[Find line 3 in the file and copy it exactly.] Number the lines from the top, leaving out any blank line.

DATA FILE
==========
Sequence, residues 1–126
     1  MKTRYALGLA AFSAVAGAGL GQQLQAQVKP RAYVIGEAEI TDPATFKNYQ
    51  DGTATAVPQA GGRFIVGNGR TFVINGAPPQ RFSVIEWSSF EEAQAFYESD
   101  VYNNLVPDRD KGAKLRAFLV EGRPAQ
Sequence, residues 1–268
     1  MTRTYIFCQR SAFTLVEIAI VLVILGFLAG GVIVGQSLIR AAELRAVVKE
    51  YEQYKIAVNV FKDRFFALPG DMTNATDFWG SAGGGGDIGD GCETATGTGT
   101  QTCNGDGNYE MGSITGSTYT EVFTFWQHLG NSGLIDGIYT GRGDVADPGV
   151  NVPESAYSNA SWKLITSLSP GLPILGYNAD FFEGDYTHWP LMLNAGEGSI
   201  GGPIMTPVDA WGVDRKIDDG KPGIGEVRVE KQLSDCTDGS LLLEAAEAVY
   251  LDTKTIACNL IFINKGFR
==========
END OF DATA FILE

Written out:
    51  DGTATAVPQA GGRFIVGNGR TFVINGAPPQ RFSVIEWSSF EEAQAFYESD